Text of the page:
CPA representation grows in Congress with reelections, likely House newcomers

BY KEN TYSIAC
November 8, 2012

The number of CPAs in Congress is growing as a result of Tuesday’s elections.

Rep. Brad Sherman held off Rep. Howard Berman in an unusual and hotly contested race between two congressional Democrats in California’s 30th District as all eight CPAs serving in the House of Representatives won reelection.

In addition, Republican Tom Rice won in South Carolina’s newly created 7th District, and Democrat Patrick Murphy may have unseated Rep. Allen West in Florida’s 18th District in a race that may see a recount. With 100% of precincts reporting, Murphy had 160,328 votes to West’s 157,872, but absentee and provisional ballots could change the outcome.

If Murphy’s advantage is certified, the total number of CPAs in the House will rise to 10, and the number of CPAs and accountants in Congress will jump to 12. The two accountant senators, Mike Enzi (R-Wyo.) and Ron Johnson (R-Wis.), were not up for reelection this year.

In addition to Sherman, the other CPAs who were reelected were:

  • Rep. Mike Conaway (R-Texas)
  • Rep. Bill Flores (R-Texas)
  • Rep. Lynn Jenkins (R-Kan.)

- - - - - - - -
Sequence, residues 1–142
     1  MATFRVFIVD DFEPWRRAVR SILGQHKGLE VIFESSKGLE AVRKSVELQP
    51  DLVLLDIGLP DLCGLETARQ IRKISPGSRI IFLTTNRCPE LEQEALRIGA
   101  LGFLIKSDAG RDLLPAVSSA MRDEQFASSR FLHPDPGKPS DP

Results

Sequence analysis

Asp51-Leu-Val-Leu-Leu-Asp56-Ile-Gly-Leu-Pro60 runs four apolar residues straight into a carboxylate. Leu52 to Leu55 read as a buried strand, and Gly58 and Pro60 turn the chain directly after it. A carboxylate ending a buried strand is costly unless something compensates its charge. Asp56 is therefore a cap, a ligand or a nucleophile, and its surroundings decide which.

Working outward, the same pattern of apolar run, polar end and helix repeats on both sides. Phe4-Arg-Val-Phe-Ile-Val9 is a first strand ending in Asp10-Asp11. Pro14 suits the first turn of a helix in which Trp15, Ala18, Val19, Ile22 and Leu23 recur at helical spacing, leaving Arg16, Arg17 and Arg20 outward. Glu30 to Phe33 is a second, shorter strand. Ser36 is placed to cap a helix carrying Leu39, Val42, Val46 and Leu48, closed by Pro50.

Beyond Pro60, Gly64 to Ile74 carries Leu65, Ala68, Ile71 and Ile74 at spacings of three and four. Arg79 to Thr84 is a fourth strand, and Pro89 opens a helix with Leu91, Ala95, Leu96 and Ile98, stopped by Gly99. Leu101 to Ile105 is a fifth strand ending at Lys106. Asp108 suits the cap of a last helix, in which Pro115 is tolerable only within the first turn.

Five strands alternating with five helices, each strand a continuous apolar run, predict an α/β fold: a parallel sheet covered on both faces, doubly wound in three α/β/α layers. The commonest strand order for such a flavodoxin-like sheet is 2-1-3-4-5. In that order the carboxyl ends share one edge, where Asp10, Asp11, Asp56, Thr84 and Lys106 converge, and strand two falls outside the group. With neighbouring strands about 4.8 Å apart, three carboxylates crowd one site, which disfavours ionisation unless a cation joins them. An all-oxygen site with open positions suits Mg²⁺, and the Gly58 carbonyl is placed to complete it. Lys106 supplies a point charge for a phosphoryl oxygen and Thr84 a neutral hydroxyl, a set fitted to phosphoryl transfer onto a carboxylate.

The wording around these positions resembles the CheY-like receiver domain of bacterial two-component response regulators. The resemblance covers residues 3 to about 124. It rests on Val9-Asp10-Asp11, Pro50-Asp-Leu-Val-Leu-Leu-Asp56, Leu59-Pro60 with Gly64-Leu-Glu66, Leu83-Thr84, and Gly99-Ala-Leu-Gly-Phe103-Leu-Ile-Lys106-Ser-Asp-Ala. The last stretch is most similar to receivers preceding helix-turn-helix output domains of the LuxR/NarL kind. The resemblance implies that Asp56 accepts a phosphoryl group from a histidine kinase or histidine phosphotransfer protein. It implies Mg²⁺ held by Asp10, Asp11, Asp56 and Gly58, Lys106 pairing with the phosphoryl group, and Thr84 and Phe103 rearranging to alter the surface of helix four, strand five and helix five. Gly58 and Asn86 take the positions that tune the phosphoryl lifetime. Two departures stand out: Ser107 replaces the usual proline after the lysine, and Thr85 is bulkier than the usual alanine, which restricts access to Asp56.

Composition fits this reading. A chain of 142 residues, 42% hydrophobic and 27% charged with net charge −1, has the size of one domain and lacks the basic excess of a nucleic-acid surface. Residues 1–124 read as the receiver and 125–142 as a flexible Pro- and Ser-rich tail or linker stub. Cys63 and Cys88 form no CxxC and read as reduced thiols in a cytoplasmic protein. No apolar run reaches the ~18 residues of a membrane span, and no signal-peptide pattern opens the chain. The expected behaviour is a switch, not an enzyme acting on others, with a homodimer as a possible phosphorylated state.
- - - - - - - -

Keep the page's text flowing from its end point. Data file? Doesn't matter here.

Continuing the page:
• Rep. Steven Palazzo (R-Miss.)
  • Rep. Collin Peterson (D-Minn.)
  • Rep. John Campbell (R-Calif.)
  • Rep. James Renacci (R-Ohio)


In February 2011, Sherman and Conaway created the Bipartisan Congressional CPA Caucus. The informal group is dedicated to discussing and formulating innovative policy approaches to issues of interest to CPAs such as tax administration and compliance, and accounting and auditing standards. The caucus also seeks to reduce the compliance burden of tax laws.

Sherman was involved in an unusual race following redistricting that led to him competing against fellow Rep. Berman. California’s new primary system pitted the two Democrats against each other. This year, for the first time, candidates from all parties participated in one, open primary that welcomed all of the state’s voters.

The top two vote getters—regardless of their party affiliation—advanced to the general election. In the 30th District, Sherman and Berman were the top vote getters in the primary.

Sherman, the incumbent in the 30th District, received 109,311 votes to 71,420 for Berman.

Renacci also faced a fellow member of the House as a result of redistricting. He edged Democratic Rep. Betty Sutton in the 16th District in Ohio, 181,137 votes to 165,638.

Ken Tysiac ( ktysiac@aicpa.org ) is a JofA senior editor.

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